Close your cybersecurity gaps in digital transformation now

In the first two quarters of 2022, attacks on digital transformation projects have increased in the Middle East. Threat actors target production systems, assembly lines, security and instrumentation systems (including legacy systems from 2017 or earlier), IoT devices, and IoT and OT networks. A new set of actors are relentlessly scanning networks owned by various companies to uncover loopholes that could be exploited to harvest data or plant malware.

Read now: 2022 IoT and OT Threat Landscape Assessment Report

With such an increase in cyber attacks and due to the increase in insider threats, the risk of serious industrial cyber incidents originating from IoT and OT infrastructure has also increased significantly. Industrial companies that have invested significantly in OT infrastructure have also become prime targets for ransomware and sophisticated attacks. Such attacks can lead to the erosion of revenue, invested capital, data and credibility. The loss of the production window and destabilization of production schedules will continue to impact results for months, if not years.

Thus, the need to close the gaps in digital transformation is now more critical than ever. Even a single threat surface exposed in your infrastructure can harm your overall security posture.

Digital transformation and security breaches

The digital transformation driven by data collection and the integration of assets and networks opens up new threat surfaces and latent gaps. These gaps serve as pathways of attack that are linked through cloud and application services, supply chains, remote workforce, and untested IoT devices. Such vulnerabilities that extend to critical control systems when exploited by a sophisticated hacker can derail even the most mature first response plan, as the hacker moves laterally through the system, disrupting operations while covering new terrains and exploiting new gaps.

A traditional IT-centric approach to digital transformation security has proven to be the bane of many industries and security teams. More IoT and OT systems lack advanced capabilities and often operate in alignment with last year’s threat environment. With the proliferation of sophisticated threat actors, mature cybersecurity programs based on threat anticipation and response are no longer a matter of choice.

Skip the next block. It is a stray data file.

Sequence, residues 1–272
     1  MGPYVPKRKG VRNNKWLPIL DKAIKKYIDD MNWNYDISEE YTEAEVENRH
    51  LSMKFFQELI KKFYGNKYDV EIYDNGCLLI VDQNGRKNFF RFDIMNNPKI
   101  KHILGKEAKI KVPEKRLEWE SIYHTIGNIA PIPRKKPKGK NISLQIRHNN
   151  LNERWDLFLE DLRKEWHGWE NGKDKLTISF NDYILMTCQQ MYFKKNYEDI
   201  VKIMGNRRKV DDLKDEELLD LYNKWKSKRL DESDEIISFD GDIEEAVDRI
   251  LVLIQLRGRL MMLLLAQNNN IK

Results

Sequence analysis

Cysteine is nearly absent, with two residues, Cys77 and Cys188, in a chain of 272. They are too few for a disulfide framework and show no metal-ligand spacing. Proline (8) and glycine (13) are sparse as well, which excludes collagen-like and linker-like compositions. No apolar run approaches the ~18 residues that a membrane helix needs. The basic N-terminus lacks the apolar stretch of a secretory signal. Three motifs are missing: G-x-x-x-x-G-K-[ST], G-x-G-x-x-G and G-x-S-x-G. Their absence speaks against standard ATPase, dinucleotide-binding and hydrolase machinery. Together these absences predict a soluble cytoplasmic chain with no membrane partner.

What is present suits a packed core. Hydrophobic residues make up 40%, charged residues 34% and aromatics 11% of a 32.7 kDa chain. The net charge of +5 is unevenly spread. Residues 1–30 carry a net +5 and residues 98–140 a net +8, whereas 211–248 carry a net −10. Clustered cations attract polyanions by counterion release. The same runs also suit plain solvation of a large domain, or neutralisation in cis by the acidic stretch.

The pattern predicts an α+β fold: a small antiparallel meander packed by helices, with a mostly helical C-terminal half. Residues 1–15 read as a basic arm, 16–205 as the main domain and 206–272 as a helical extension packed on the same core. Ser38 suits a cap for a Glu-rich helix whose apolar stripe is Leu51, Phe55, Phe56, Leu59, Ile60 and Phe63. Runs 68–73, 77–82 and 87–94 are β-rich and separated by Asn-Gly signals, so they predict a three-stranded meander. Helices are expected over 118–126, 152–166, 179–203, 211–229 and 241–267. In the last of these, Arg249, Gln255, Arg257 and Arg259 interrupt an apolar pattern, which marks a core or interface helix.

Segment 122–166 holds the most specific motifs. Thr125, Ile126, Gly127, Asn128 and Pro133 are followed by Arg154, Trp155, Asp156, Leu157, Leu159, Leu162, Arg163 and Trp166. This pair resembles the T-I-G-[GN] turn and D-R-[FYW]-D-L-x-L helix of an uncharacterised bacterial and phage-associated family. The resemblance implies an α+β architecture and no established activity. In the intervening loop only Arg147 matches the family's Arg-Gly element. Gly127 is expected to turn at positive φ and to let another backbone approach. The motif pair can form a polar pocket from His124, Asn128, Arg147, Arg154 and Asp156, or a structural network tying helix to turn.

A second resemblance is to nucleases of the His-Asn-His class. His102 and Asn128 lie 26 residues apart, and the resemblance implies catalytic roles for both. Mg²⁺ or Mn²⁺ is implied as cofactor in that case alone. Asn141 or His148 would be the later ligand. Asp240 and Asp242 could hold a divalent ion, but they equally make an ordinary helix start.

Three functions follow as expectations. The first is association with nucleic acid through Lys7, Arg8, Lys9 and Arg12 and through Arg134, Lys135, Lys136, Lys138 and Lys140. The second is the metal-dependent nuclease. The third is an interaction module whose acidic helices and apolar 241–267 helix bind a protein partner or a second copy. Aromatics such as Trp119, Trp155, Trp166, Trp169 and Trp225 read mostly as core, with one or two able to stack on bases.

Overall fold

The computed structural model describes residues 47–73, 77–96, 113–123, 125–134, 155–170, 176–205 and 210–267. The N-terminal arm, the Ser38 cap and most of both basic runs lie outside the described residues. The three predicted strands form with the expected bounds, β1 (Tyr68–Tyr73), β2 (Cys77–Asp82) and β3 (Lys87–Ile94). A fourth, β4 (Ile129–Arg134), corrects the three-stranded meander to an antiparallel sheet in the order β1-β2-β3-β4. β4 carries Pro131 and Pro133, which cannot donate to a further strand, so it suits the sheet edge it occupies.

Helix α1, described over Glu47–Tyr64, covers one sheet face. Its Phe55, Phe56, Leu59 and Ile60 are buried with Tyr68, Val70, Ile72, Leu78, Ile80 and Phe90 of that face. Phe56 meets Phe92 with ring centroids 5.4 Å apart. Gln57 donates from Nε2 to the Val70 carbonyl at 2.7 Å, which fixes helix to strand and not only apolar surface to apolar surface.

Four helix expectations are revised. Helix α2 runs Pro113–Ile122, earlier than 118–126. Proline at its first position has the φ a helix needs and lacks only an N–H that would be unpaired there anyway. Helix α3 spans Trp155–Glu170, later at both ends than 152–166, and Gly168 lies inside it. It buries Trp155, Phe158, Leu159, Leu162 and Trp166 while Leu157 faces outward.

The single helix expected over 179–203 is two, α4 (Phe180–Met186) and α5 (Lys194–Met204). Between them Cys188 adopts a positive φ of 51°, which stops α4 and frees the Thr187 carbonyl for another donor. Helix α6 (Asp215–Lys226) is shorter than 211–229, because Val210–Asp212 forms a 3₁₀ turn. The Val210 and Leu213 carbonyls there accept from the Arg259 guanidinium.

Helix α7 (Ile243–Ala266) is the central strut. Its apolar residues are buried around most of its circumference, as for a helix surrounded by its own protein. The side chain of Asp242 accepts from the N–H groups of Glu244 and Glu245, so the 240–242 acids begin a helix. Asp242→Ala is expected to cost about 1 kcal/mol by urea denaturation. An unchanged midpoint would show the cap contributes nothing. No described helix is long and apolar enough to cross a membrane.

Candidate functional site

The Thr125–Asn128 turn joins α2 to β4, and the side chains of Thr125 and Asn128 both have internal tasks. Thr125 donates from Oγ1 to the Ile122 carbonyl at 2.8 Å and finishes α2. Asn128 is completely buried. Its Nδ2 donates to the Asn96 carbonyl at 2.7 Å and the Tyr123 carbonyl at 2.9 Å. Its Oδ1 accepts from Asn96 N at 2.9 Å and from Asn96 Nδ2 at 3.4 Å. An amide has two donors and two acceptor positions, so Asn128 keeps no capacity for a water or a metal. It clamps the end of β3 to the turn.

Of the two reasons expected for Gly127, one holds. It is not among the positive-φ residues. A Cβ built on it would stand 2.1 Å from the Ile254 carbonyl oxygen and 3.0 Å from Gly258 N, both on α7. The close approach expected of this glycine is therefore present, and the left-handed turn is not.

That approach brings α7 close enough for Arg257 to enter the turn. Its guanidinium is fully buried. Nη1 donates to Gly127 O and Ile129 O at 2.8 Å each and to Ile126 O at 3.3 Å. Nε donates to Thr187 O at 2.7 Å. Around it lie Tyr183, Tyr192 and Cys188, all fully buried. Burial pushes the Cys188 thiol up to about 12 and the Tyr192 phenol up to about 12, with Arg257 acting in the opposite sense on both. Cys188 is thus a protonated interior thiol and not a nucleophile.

Learn more: Security consulting for digital transformation

Most enterprise-run IoT and OT cybersecurity programs lack the active defenses, skilled workforce, and tools needed to detect and address multiple vulnerabilities. Even fewer companies have a roadmap in place with investment and management buy-in for significant security posture improvement.

Most companies lack the resources and expertise to execute a secure deployment of innovative digital transformation efforts. Sometimes such programs would have consumed more budgets than expected and teams often try to save money by downgrading the original security program in terms of measures and tools to save money.

More access, less security

There is a demand from multiple stakeholders to provide direct access to infrastructure components, including Safety and Instrumentation Systems (SIS), core engineering systems, and data analytics systems based on the cloud. Third-party vendors often request network access to service hardware remotely, and predictive maintenance systems share data with multiple vendors in some cases. In many parts of the Middle East, such as the United Arab Emirates and Saudi Arabia, we have seen drones being used to monitor remote locations. These drones are often connected to multiple networks, each of which can serve as an entry point for complex malware or multi-payload droppers.

Read also : Complete Guide to Cyber ​​Threat Intelligence Feeds

Digital transformation is based on improving operational transparency, overall efficiency, effectiveness, productivity and process consistency. To achieve these goals, security configurations are often overlooked or deprioritized. In a Sectrio survey carried out between April and May 2022 more 80% of CISOss admitted to not having the desired level of visibility on their operations. In the Middle East, CISOs also mentioned the use of systems that are not hardened from a security perspective and therefore susceptible to exploitation by threat actors.

Gaps like these increase the risk of disruptive cyber incidents that can impact security, infrastructure integrity, and business continuity.

Join us to fill the cybersecurity gaps in your digital transformation

Join us in the digital transformation security reader jointly organized by Sectrio and Spire where our cybersecurity expert Gopal Krishnan will help you draw a roadmap for:

  • Improve the maturity of your digital transformation security programs
  • Move from passive defense to an active defense approach to secure systems
  • Maintain a stable and robust safety posture
  • Expand device and component level strategy to secure your entire infrastructure
  • Operate with the right levels of visibility into your IoT and OT networks
  • Rapidly respond to security events
  • Bring together relevant resources and expertise to ensure secure deployment new digital transformation initiatives.

Date: August 24, 2022
Time: 9 a.m. to 2 p.m.
Venue: Meeting room Al Mawad, Le Méridien – Al Khobar

This is an in-person event. Contact us now to secure your location for free: Book your time now

Close your cybersecurity gaps in digital transformation now – Sectrio

*** This is a syndicated blog from the Security Bloggers Network of Sector written by Prayukth K V. Read the original post at:

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